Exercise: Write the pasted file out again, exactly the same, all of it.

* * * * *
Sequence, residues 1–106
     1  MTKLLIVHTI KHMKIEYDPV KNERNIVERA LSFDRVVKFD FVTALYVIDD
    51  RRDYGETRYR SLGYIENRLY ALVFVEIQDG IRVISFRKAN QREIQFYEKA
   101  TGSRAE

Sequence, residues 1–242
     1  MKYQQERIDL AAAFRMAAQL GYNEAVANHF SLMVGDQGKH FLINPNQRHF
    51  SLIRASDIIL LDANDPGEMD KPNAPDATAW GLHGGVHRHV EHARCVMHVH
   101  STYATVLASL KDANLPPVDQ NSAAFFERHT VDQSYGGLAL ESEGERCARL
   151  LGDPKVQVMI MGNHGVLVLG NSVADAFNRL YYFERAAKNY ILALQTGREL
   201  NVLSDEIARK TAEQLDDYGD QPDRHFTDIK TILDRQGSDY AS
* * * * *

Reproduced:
Sequence, residues 1–106
     1  MTKLLIVHTI KHMKIEYDPV KNERNIVERA LSFDRVVKFD FVTALYVIDD
    51  RRDYGETRYR SLGYIENRLY ALVFVEIQDG IRVISFRKAN QREIQFYEKA
   101  TGSRAE

Sequence, residues 1–242
     1  MKYQQERIDL AAAFRMAAQL GYNEAVANHF SLMVGDQGKH FLINPNQRHF
    51  SLIRASDIIL LDANDPGEMD KPNAPDATAW GLHGGVHRHV EHARCVMHVH
   101  STYATVLASL KDANLPPVDQ NSAAFFERHT VDQSYGGLAL ESEGERCARL
   151  LGDPKVQVMI MGNHGVLVLG NSVADAFNRL YYFERAAKNY ILALQTGREL
   201  NVLSDEIARK TAEQLDDYGD QPDRHFTDIK TILDRQGSDY AS